By Larry R. Anweiler, ABD, Full-Time Faculty
Published March 2016
This may be the year to buy commercial real estate for your portfolio or a new home for your family. Financing rates for both commercial real estate and residential real estate continue to remain low, despite the Federal Reserve’s move to increase interest rates by 25 basis points in December. Although the Federal Reserve’s Chairman, Janet Yellen, has indicated that she wants to continue to increase rates, this appears an unlikely prospect with recent financial news within the United States, China’s equity market meltdown, and recent developments within the Middle East.
The year 2016, started out on a shaky note, with U.S. stock dropping to a three-month low and emerging-market shares at their cheapest since 2009. Additionally, U.S oil fell below $34 a barrel as supplies out of the Middle East were increased. China also added to the world’s weaker economy, as their equity markets plunged in early January with the fear that China would again devalue its currency.
However, as the Asian markets decline, along with the European Markets, and as the Middle East turmoil grows in its severity; the United States market may face both brighter prospects and increased challenges over the next few years. Investors fleeing declining world economies may reinvest their capital in U.S companies with a more stable economic basis. This in turn will lower excess human capital (in the form of higher employment rates) and could trigger the type of hyperinflation not seen since the early 1980s.
Through its expanded borrowing and money printing, which has more than doubled U.S. Government debt since 2008, the Federal Reserve has saturated the market with additional cash in its attempt to fend off the economic meltdown caused by the mortgage bond market. This money has essentially stayed in the hands of big business that used the capital to expand and modernize operations. However, as economic recovery takes hold, and idle capital (in the form of unused labor) decreases, consumer spending could increase to the point where hyperinflation may occur. This may be the reason the Federal Reserve is pushing so hard to increase interest rates in an attempt to head off economic conditions that would set off spiraling inflation.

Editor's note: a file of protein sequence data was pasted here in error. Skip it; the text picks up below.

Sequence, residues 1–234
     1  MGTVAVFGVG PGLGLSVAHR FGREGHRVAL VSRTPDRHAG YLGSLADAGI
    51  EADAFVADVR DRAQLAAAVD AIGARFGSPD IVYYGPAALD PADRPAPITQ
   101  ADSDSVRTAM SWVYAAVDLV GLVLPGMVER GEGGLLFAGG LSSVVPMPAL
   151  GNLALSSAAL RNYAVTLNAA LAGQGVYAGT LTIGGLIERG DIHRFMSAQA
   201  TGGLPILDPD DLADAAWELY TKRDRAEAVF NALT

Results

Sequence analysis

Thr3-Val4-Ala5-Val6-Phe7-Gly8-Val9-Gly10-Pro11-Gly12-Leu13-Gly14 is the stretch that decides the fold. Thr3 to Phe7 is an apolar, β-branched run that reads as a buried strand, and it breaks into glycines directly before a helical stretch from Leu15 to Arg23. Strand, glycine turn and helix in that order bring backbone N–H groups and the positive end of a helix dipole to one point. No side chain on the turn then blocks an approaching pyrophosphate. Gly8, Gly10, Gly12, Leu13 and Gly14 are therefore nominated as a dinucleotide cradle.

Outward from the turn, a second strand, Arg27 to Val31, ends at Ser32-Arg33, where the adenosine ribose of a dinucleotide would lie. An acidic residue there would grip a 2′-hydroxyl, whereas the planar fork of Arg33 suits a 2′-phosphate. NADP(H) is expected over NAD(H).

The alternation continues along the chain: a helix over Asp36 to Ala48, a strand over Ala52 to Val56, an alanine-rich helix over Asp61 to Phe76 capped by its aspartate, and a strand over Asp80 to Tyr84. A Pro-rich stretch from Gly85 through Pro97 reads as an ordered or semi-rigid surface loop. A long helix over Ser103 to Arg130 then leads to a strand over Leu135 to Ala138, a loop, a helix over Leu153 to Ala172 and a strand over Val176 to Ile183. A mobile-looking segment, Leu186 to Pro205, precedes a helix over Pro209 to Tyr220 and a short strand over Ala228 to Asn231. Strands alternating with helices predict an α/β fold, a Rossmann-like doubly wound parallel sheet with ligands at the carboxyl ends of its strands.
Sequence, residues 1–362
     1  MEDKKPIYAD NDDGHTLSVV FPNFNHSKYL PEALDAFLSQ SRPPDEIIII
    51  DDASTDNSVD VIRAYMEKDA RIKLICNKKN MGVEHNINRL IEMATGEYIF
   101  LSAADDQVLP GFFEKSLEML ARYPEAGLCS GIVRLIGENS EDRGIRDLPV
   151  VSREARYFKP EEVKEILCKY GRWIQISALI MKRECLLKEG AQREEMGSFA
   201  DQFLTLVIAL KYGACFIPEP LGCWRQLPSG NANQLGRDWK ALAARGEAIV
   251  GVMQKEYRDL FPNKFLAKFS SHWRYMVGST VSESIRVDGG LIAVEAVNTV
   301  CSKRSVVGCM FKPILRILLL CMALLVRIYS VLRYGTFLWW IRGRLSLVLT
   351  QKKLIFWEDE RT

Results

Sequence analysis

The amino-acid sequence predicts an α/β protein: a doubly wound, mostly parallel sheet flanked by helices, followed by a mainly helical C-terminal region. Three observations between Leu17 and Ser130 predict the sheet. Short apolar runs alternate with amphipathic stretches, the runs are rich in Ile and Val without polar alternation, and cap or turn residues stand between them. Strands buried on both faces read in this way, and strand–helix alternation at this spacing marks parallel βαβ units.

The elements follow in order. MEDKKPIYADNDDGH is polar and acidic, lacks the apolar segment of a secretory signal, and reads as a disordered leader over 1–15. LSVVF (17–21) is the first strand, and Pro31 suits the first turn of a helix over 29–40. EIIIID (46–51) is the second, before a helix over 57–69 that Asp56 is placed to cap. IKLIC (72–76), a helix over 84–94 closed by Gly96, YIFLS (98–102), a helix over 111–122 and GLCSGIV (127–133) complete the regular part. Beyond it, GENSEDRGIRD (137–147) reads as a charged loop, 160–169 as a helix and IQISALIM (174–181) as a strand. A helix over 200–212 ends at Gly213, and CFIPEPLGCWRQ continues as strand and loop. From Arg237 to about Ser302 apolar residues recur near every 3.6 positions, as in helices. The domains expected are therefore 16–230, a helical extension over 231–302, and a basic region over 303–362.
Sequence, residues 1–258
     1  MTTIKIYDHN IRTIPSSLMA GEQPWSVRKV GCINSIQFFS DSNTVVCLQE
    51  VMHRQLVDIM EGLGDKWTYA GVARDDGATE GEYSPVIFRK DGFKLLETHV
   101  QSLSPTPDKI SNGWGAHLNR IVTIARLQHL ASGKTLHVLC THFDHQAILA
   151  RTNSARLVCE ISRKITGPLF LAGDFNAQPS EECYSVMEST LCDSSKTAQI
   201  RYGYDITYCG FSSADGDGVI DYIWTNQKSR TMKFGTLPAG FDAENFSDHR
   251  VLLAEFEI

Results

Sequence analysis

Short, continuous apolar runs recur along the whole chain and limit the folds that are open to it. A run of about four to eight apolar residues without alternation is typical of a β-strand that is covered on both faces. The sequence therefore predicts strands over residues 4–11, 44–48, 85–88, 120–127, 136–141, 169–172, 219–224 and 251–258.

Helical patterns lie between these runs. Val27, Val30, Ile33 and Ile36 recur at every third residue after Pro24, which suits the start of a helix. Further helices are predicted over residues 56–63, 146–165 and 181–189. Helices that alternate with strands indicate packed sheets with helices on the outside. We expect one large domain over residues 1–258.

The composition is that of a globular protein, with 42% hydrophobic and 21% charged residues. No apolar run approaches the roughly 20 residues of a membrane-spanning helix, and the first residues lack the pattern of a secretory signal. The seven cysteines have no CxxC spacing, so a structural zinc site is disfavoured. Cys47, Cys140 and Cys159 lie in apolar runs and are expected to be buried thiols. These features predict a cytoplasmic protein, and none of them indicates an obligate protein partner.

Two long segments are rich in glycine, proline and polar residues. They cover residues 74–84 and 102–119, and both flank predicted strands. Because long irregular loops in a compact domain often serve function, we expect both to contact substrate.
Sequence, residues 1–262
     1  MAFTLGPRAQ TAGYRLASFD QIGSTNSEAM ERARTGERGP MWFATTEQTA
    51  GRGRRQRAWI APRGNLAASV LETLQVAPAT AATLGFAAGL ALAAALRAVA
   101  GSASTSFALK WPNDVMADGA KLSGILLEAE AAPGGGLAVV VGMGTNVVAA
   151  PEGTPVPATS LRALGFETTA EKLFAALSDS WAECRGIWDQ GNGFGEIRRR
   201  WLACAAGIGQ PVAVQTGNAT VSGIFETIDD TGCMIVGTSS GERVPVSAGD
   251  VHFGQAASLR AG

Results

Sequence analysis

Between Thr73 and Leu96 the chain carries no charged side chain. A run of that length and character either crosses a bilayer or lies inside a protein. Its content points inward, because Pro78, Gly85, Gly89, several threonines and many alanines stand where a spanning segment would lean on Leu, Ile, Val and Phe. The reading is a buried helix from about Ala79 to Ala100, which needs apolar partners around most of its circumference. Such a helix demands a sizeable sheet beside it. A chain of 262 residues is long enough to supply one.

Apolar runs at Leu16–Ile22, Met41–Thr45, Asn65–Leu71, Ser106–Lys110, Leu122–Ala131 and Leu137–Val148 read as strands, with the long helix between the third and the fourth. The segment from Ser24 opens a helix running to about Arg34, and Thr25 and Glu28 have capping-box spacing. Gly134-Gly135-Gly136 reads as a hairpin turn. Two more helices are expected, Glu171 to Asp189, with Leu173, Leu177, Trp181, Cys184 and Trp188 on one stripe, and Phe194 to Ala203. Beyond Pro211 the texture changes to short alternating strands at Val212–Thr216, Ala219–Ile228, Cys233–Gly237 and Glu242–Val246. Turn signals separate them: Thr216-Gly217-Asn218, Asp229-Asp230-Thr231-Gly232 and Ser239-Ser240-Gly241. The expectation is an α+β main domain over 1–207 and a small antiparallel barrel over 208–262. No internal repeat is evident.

For investors, few asset holdings maintain their values during times of hyperinflation. As a group, fixed assets perform very well during inflationary periods. Assets within this category include precious metals, such as gold and silver, and real estate also falls within this category. For those who buy real estate early with fixed financing, investors could see asset prices double within a very short period of time. Evidence of this phenomenon in fixed asset values can be found by looking at historical trends within the fixed asset category during the early 1980s.
For individual investors looking for a new home or institutional investors repositioning portfolio allocations, 2016 may be the time to increase real estate holdings. In the substantial number of economic forecasts reviewed for this article, including forecasts by CBRE, Bloomberg, The Urban Land Institute, Wall Street Journal, National Association of Realtors, and Goldman Sachs, all predict real estate values increasing during 2016 by modest amounts. However, if hyperinflation does take hold over the next few years, those who buy real estate today could find substantial wealth in their future
Larry R. Anweiler is a professor at Purdue Global. The views expressed in this article are solely those of the author and do not represent the view of Purdue Global.